Blogger Lisa said...

Ael,

Or as they say, there is no truth in Pravda, and no news in Izvestia".

Tuesday, January 3, 2017 at 9:06:00 PM GMT-5  
Anonymous David said...

Ael - Yes, terrific. I'm sure the owners of pizza restaurants everywhere will be comforted to know that people now get their news from Facebook and will occasionally be visiting them to search for evidence of Clinton's slave rings.

Which is another way of saying, apropos of Lisa's main point, that while I can't say I am shedding many tears over the decline of the liberal media institutions that have cheerfully facilitated economic class warfare and imperial adventures overseas for decades, I'm not comforted by the digital dystopia that stands ready to succeed them, either.

Marx once said religion was the opiate of the masses. I wonder what he would call social media. We are replacing poor arbiters of factual accuracy with none. In the future people will huddle around their digital campfires with like-minded partisans, swapping wild tales about the evil bastards over at that other campfire over yonder.

Thursday, January 5, 2017 at 2:37:00 AM GMT-5  
Blogger Lisa said...

David,


Yes, just what IS social media? your verbiage is correct: the users see themselves as "partisans", as, "actors". Ranger is undertaking an informal survey amongst the biggest consumers he knows to give us some insight.

Who had it right: Huxley or Orwell? People like Derek Parfit (God bless him) think this is merely the dawn of of something like the Age of Aquarius:

Derek Parfit, Philosopher Who Explored Identity and Moral Choice

Of course, that hopefulness presumes a prior identity, and desire for moral choice.

Friday, January 6, 2017 at 12:38:00 AM GMT-5  
Anonymous David said...

Well you already know my opinions on your first question I imagine.

I will have to think on the Huxley reference some more. On the Orwell point, I would say 1984 is a product of its time and Orwell did not simply imagine how decentralized and informal the system of propaganda and political policing could grow through tools like social media. As surveillance technologies, smartphones are far more powerful and portable than telescreens.

You won't get arguments from me that society benefits by relying on a half-dozen major press corporations and wire services for the vast majority of its political "truth," but the transition from that to the fact-free groupthink of Facebook, Twitter, etc. just swaps one bad situation for another in my opinion, coupled with the rank idiocy of "e-petitions" and Twitter "protests" as a substitute for actual, you know, petitions and protests. Maybe I am wrong in all this as I must confess I do not use these sites at all and a complete outsider to them.

Friday, January 6, 2017 at 10:43:00 AM GMT-5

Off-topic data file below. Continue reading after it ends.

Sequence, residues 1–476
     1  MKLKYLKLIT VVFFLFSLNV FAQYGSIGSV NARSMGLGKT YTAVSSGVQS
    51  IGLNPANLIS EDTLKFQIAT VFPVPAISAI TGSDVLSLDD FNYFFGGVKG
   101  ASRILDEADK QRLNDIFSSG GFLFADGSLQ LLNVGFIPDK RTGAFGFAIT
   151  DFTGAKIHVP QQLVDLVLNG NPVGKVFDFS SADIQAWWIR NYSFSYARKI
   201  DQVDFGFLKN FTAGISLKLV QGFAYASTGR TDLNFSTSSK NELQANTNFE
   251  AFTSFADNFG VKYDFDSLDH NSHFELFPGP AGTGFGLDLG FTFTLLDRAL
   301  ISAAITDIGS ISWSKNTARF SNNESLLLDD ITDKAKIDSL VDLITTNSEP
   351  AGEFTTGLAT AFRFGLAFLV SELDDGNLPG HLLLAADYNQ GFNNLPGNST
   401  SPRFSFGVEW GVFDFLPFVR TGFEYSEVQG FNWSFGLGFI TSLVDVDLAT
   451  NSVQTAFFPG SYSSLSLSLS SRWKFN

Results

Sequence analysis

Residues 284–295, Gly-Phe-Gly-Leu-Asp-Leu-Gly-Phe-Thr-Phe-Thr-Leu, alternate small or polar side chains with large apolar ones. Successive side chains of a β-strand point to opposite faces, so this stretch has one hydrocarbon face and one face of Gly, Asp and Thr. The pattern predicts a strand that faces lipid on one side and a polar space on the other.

Anonymous Anonymous said...

Lisa,
I live in a gossipy small town. As I see it, social media is nothing more than the good old fashioned jungle telegraph or grapevine on steroids with a turbo charger. It's just us doing what we've always done, faster and more out in the open - if various viewing/security options have not been applied.

IMO, technology changes nothing about human nature - despite the inventors' insistence that they have created a world changing magic pill.

Happy New Year

avedis

Saturday, January 7, 2017 at 1:07:00 PM GMT-5  
Blogger Lisa said...

David,

Like you, I do not "participate" in that virtual marketplace. Like you, I abhor the "fact-free groupthink" zones and the rank idiocy.


Avedis,

Correct: we are not so advanced; in modality, alone. It is the same old brain moving in double-time (but not with double brilliance).

Happy New Year.

Saturday, January 7, 2017 at 4:56:00 PM GMT-5  
Anonymous David said...

Avedis - Well I certainly do not think human nature has changed as a result of a few years of technological gimmickry. It's more that I think that this "turbo charging," as you put it, is having important consequences above and beyond what already existed.

Is social media just an extremely powerful form of gossip compared to traditional local social networks? Sure, I suppose, in the same way that a bomber is basically the same as a biplane and the computer I'm typing this on is basically the same as the Apple II that was my first computer.

I didn't grow up in a small town, but my wife is from a town of about 200 up on the east coast of Canada near Maine, who all know each other and have done for a few generations, except for newcomers. When I visit there, I encounter more political diversity and depth of thinking in those 200 people than I suspect I would in the average person's Twitter feed.

Sunday, January 8, 2017 at 5:11:00 AM GMT-5